Respect for the Germans From the English Fans?

The opinions expressed in this article are that of the author and are not representative of the views of The Hysteria Collective as a whole.

I’m no football expert. To me the man I once saw with his old dog in my former home town was simply the guy in the Walkers crisps ads. At some point I learnt the truth about Gary and I know what a nutmeg kick is (don’t ask me about offside rule just yet…). I remember doing one back in year 6, my friend and I decided to play some matches with the boys during some of the lunchtime breaks.

Now the UEFA Euro 2020 has been and gone, (called 2020 due to last year’s postponement) you may have seen the awful match between Scotland and England (0-0) before witnessing England’s success against Germany (2-0). But that match wasn’t just about England’s win, as the attention turned towards a young, crying German girl in the crowd. Online abuse was directed at her on social media, leading Joel Hughes to set up a JustGiving page to highlight that, ‘not everyone in the UK is horrible.’ Incredibly, over £35,000 was raised. The perpetrators of the schadenfreude (an English and German word deriving from the German words ‘Schaden’ meaning damage and ‘Freude’ meaning joy) would probably argue they were just having a laugh but what do they really think about Germany and German people? Are they also the same people who hated learning German at school or never learnt it and wouldn’t visit Germany let alone any country outside the UK? If they did study it, I hope they at least got some amusement out of the ‘Ich liebe dich’ joke (if you’re still unsure, ‘dich’ means you). Perhaps when schools teach about the nutter Hitler in history lessons they should couple it with discussions on the current xenophobia in Britain.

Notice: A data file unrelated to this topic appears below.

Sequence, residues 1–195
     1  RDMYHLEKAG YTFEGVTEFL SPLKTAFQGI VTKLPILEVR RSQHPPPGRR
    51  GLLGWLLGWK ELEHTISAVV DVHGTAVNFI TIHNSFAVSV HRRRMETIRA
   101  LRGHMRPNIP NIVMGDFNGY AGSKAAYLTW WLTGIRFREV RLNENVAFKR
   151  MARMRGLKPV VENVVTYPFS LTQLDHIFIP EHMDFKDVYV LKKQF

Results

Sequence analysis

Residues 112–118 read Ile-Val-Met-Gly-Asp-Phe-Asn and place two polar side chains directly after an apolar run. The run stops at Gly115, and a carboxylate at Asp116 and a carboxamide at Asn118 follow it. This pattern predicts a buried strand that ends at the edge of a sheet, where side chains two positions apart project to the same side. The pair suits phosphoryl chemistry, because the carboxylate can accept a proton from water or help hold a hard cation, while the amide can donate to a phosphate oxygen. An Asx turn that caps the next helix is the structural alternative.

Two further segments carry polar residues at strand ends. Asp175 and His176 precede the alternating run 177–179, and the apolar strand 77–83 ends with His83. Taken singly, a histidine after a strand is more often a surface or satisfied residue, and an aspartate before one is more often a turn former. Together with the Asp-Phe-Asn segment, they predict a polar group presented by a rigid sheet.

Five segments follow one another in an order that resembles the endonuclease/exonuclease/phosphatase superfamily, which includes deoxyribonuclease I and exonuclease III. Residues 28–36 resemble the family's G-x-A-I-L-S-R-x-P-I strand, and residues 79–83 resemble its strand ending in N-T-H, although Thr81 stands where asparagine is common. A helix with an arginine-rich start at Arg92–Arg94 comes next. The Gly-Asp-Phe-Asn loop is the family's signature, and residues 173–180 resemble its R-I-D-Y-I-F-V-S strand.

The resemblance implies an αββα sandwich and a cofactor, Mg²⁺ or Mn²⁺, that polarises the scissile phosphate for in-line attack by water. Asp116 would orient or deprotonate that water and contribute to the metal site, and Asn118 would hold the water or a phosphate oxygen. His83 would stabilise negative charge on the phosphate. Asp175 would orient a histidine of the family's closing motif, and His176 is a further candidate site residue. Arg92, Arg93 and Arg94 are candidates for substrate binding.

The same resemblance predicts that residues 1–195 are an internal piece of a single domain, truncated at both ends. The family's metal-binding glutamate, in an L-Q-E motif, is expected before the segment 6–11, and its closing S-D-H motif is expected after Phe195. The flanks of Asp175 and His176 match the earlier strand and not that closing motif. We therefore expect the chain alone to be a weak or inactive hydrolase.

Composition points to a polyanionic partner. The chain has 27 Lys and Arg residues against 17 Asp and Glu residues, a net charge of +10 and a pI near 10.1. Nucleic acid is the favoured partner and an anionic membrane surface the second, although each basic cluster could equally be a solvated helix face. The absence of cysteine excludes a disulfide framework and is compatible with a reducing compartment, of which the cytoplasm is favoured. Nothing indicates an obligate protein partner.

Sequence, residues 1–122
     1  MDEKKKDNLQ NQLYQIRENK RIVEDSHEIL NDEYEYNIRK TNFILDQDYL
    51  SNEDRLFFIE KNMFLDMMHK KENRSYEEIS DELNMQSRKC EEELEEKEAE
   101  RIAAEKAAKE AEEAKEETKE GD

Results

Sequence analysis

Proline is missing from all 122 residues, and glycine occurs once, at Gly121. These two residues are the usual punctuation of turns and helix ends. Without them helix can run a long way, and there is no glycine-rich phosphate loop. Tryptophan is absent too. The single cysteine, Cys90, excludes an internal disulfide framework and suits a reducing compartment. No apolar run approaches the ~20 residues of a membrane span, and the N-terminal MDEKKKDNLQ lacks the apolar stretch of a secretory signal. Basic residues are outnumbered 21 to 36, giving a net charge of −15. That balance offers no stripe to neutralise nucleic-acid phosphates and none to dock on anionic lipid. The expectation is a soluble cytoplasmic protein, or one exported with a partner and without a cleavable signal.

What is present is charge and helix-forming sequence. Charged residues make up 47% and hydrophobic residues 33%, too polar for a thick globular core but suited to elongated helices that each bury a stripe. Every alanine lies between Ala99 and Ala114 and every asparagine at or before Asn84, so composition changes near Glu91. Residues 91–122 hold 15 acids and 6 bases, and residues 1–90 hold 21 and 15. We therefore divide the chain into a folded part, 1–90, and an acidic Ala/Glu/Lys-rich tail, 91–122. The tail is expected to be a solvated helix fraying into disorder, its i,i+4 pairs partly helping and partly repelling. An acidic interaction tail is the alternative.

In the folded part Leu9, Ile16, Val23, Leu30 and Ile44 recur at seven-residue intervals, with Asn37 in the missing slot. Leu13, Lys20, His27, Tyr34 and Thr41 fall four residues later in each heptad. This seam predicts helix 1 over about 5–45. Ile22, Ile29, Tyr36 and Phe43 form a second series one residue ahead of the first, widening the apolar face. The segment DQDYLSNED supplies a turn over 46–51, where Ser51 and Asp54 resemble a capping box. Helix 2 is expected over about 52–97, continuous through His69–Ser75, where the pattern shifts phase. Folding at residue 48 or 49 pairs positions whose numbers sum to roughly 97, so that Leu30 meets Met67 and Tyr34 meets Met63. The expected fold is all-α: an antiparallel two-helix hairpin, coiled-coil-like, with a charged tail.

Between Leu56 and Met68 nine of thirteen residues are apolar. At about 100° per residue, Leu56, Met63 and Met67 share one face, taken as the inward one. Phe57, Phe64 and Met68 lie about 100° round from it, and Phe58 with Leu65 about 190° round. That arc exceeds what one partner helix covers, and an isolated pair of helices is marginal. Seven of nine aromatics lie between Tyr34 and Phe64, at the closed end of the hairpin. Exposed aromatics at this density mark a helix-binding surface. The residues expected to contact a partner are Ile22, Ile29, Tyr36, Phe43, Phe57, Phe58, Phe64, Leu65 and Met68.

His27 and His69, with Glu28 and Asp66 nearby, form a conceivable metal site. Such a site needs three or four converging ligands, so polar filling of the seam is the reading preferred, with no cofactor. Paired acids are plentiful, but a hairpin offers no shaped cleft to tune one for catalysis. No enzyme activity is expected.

Anyway, to those who decided to be mean towards the Kind (German word for child) who is probably already pretty good at English and knows that it’s ‘you were’ and not ‘you was’, let’s hope they can be kind and would pop into Lidl (a German company) to buy someone a delicious bar of Kinder (the German word for children and one of the brands of the Italian company Ferrero), maybe a Kinder bueno (‘bueno’ is Spanish for good) and tell them that they are ‘wunderbar’ (the German for wonderful). These people could be dog lovers and would recognise a sausage dog, the more formal term being Dachshund. They can now go on to share the knowledge that in German ‘Dachs’ means badger and ‘Hund’ signifies dog. Let’s hope they aren’t too xenophobic to be against having a German Shepherd.

And to anyone who happens to one day see their German doppelgänger (also a German word, ‘Doppel’ is German for duplicate/double, ‘-gänger’ is German for goer), surprise them even more by greeting them with a ‘Wie geht’s?’ (pronounced like vee gates), which is the German equivalent of how are you?

Image courtesy of Christian Wiediger.

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